• The government’s approach must reflect the age we’re living in. “Section 2 [of the Sherman Act] doctrine that is responsive to market realities, not outdated models, is a necessary step to build a competitive economy.”

  • Pre-merger notifications are coming in at an unprecedented pace and more resources are necessary. "This surge is taking place even as market-specific and merger-retrospective studies indicate that consolidation has led to less competition and more market power. The surge is also occurring as the division is experiencing a historic resource shortage.” Kanter is seeking increased funding for enforcement. “We have an obligation to enforce the antitrust laws as written by Congress, and we will challenge any merger where the effect ‘may be substantially to lessen competition, or to tend to create a monopoly.’”

  • Transparency is necessary. “We are also committed to making sure that we are transparent in how we evaluate mergers, and that our economic models reflect market realities. Accordingly, together with the FTC, we have requested public comment on the existing Horizontal and Vertical Merger Guidelines.”

“We are law enforcers, not regulators.”

Kantor was particularly critical of settlements reached that he says have allowed anticompetitive deals to move forward, saying:

  • The effectiveness of settlements must be reviewed. “Like [Robert] Jackson,” Kantor said, once again invoking the name of his hard-nosed predecessor from the 1930s and 1940s, “I am focused on how a remedy will function. After the ink has dried and the press cycle has faded, does a settlement in fact restore competition? Does it preserve the competitive process? Most importantly, does our overall approach to remedies, carried out across cases and industries, protect competition as the law demands? We are law enforcers, not regulators.”

  • Sometimes blocking a transaction is the best solution. “I am concerned that merger remedies short of blocking a transaction too often miss the mark. Complex settlements, whether behavioral or structural, suffer from significant deficiencies. [W]hen the division concludes that a merger is likely to lessen competition, in most situations we should seek a simple injunction to block the transaction. It is the surest way to preserve competition.”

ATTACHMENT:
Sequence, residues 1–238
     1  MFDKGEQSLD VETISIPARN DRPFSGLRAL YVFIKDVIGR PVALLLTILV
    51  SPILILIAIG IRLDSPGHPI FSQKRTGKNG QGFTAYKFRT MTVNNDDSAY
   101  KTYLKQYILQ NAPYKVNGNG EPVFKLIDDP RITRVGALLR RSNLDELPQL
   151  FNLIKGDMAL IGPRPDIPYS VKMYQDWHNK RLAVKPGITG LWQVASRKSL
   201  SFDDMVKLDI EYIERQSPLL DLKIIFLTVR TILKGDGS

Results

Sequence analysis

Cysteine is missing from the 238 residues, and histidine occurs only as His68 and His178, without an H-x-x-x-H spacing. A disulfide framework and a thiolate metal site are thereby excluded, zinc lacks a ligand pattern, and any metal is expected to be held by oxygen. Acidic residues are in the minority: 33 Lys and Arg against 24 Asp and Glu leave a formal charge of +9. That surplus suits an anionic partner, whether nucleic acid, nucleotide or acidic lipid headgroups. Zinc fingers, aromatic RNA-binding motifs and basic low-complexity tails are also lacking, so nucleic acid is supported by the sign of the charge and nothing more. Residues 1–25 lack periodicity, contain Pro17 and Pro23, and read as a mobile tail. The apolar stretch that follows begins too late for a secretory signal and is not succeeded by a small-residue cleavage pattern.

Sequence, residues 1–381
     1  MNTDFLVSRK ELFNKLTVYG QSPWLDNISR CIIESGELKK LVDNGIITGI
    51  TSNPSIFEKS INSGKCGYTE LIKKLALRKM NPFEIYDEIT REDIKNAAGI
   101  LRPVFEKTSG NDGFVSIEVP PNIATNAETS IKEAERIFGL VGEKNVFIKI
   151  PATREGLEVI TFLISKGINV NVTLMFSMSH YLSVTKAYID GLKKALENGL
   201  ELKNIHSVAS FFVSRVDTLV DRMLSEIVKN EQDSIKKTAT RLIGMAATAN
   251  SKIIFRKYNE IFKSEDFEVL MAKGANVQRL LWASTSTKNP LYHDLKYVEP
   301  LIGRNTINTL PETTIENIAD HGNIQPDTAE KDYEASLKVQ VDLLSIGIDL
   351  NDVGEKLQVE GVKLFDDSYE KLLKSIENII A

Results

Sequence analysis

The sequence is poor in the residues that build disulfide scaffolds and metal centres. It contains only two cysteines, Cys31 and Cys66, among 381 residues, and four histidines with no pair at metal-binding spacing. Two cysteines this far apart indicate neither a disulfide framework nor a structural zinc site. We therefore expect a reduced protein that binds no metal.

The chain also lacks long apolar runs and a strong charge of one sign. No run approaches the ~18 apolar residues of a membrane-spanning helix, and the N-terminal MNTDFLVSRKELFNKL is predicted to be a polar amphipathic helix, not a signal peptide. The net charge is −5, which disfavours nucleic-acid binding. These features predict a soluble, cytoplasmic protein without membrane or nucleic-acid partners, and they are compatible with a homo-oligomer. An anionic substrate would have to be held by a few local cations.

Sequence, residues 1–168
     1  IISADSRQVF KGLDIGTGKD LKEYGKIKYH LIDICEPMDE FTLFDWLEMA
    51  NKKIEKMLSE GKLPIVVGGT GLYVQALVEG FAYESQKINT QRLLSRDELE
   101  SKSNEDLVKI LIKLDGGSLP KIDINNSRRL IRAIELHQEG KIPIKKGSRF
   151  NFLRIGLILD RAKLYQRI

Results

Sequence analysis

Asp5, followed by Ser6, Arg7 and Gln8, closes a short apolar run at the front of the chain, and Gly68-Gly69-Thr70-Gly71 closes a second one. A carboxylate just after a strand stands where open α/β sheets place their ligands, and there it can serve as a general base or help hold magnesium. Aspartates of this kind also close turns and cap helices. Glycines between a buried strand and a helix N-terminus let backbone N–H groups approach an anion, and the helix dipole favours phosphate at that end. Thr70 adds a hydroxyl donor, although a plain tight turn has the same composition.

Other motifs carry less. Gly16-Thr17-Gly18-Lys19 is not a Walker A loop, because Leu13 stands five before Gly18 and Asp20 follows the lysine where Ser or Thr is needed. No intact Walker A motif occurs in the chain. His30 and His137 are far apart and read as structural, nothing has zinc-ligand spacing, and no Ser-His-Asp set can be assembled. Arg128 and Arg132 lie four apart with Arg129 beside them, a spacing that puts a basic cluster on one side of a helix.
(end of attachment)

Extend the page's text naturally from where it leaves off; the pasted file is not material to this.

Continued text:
• Settlements sometimes are only a temporary solution. “Merger settlements that include partial divestitures too often result in what might be called ‘concentration creep.’ This happens when divested assets end up in the hands of someone that does not make effective use of them. Divestiture buyers may lose interest in assets after acquiring them, or be less effective than they expected.”

  • Settlements don’t make useful law. "We need new published opinions from courts that apply the law in modern markets in order to provide clarity to businesses.”

  • All government hands on deck. Kantor hailed the new cross-departmental initiative – the Antitrust Enforcement for All-of-Government – launched under President Biden’s Competition Executive Order. “[T]he department is eager to help other federal departments and agencies win cases targeting anticompetitive conduct that violates industry-specific statutes, including through direct litigation support and by formalizing our cooperation” via memoranda of understanding, Kantor concluded.

Edited by Tom Hagy for MoginRubin LLP. 

© MoginRubin LLPNational Law Review, Volume XII, Number 28
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About this Author

Competition law is known as “antitrust law” in the United States, as both “antitrust” and “competition law” in the European Union and as “anti-monopoly” laws in other jurisdictions.  MoginRubin lawyers have been leaders in antitrust law for over 35 years, helping companies fight for their place in the market through litigation in federal and state courts around the country and representing their interests before the Department of Justice, the Federal Trade Commission, Congress and state legislatures.  With the combined experience of private litigators, economists and...